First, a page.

The (New) Conservation Security Program (CSP) will pay producers for adopting and maintaining appropriate land-based practices on working lands that address one or more resources of concern, such as soil, water, or wildlife habitat. The program is designed to encourage broad participation, help ensure a high level of conservation throughout the farm, and reward producers for exemplary conservation efforts. Toward that end, most cropland and grazing land are eligible. Although CSP was initially approved as an entitlement program with no fixed budget, appropriation legislation for FY 2003 limited the program to $3.77 billion for 2003-13. The USDA Office of Budget and Policy Analysis estimates that $1.39 billion of that total will be spent over the 6-year life of the 2002 Farm Act.

Producers can choose among three levels or “tiers” of participation. Higher tiers offer larger annual payments during the contract period but require greater conservation effort. Conservation effort is measured by the number of resource concerns addressed and the extent to which the whole farm is included.

  • • Tier I: Producers must address (to the “nondegradation” standard) at least one resource concern on at least part of the farm. Contracts are for 5 years. Tier I contract renewal requires broadening scope of practices or portion of the farm covered.
  • • Tier II: Producers must address (to the “nondegradation” standard) at least one resource concern on the entire farm. Contracts are for 5-10 years and can be renewed.
  • • Tier III: Producers must fully address (to the “nondegradation” standard) all resource concerns on the entire farm. Contracts are for 5-10 years and can be renewed.

Payments include three components: base payment, cost-share payment, and enhancement payment. The base payment is a percentage of the national average land rental for the specific land use, or another appropriate rate that ensures regional equity: 5 percent for tier I, 10 percent for tier II, and 15 percent for tier III. The cost-share payment can be up to 75 percent of the cost of adoption or maintenance of conservation practices. Finally, enhancement payments can be provided for taking additional actions, such as implementing or maintaining practices that exceed minimum requirements. Total tier I payments are limited to $20,000 annually per farm, while base payments cannot exceed 25 percent of that amount. The payment limit for tier II is $35,000 annually per farm, with a base payment limit set at 30 percent of that amount. Tier III payments are limited to $45,000 annually per farm and 30 percent of that amount for the base payment.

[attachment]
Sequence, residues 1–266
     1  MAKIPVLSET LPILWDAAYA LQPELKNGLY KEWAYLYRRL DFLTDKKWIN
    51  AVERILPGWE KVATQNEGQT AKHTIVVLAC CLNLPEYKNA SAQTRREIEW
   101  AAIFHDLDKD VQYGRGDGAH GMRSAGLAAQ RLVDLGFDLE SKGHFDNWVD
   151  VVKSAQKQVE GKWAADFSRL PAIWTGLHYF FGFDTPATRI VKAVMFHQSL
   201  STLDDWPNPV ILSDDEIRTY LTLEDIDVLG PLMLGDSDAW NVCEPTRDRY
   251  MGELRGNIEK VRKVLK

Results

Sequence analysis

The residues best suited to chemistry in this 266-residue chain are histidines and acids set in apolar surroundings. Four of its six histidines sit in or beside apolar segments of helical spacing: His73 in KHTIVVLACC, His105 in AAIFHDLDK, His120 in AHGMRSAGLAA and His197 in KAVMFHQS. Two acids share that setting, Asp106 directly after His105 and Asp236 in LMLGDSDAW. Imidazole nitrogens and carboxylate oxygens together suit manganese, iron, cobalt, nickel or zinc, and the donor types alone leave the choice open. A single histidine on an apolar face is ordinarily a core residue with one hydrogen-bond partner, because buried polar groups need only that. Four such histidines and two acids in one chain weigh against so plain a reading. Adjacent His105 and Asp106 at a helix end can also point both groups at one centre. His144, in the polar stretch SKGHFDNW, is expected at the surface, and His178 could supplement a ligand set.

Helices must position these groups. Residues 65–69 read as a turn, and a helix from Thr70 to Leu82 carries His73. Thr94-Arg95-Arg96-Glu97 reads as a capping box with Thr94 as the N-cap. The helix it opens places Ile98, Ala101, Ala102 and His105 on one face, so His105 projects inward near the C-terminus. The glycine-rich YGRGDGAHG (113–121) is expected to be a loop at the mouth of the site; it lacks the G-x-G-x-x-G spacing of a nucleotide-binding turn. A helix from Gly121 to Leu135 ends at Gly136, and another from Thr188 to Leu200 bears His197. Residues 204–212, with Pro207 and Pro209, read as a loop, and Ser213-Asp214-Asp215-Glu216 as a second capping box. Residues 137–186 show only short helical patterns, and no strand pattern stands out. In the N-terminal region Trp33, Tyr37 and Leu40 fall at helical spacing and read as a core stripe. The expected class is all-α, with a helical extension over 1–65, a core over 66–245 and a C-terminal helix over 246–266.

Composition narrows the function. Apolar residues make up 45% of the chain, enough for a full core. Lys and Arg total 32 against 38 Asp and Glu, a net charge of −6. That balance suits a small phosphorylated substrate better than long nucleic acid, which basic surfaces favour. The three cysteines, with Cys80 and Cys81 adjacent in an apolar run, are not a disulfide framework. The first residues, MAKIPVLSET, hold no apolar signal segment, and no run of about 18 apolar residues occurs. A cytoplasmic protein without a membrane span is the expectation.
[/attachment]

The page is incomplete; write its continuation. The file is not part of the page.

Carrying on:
Agricultural Land Preservation Programs

The Farmland Protection Program (FPP) provides funds to State, tribal, or local governments and private organizations to help purchase development rights and keep productive farmland in agricultural use. The 2002 Farm Act mandates funding from CCC of $597 million over FY 2002-07, ranging from $50 million in FY 2002 to $125 million in FY 2004-05. In contrast, FPP received just over $50 million total during the last Farm Act, 1996-2001.

The (New) Grassland Reserve Program (GRP) is designed to preserve and improve native-grass grazing lands through long-term (10-30 years) contracts and easements. While normal haying and grazing activities will be allowed under GRP, producers and landowners cannot crop the land and will be required to restore and maintain native grass, forb, and shrub species. For contracts, annual rental payments equal 75 percent of grazing value. Permanent easements are to be purchased at fair market value, less grazing value, while 30-year easements are to be purchased at 30 percent of fair market value, less grazing value. Cost-sharing is provided for up to 75-90 percent of the restoration and maintenance costs, depending on the type of grassland. GRP will protect up to 2 million acres of grassland. Funding of up to $254 million over the 6-year life of the Farm Act is available from the CCC.

Program Targeting Tools

Competitive bidding—A process in which producers submit bids on installation of conservation practices and the percentage level of USDA cost sharing they are willing to accept. Cost-share payments to producers cover a specified portion of the cost of installing, implementing, or maintaining a conservation (structural or land management) practice. Bids are selected for program participation based on potential for environmental gain and the level of payment requested by the producer.

Environmental indices—A point system is used to rank the proposed application of conservation practices according to expected environmental benefits. Points may be awarded for the use of particularly effective practices, the environmental sensitivity of the land where practices are to be applied, or proximity to particular resources such as lakes or streams.

This article is drawn from...

The 2002 Farm Bill: Provisions and Economic Implications, by Edwin Young, USDA, Economic Research Service, January 2008

Agri-Environmental Policy at the Crossroads: Guideposts on a Changing Landscape, by Roger Claassen, LeRoy Hansen, Mark Peters, Vince Breneman, Marca Weinberg, Andrea Cattaneo, Peter Feather, Dwight Gadsby, Daniel Hellerstein, Jeffrey Hopkins, Paul Johnston, Mitch Morehart, and Mark Smith, USDA, Economic Research Service, January 2001

Economic Valuation of Environmental Benefits and the Targeting of Conservation Programs: The Case of the CRP, by Peter Feather, Daniel Hellerstein, and LeRoy Hansen, USDA, Economic Research Service, May 1999

Environmental Quality Incentives Program: Benefit Cost Analysis, Economic Research Service, May 2003, NRCS/USDA,

Food and Agricultural Policy: Taking Stock for the New Century, Economic Research Service, September 2001, USDA,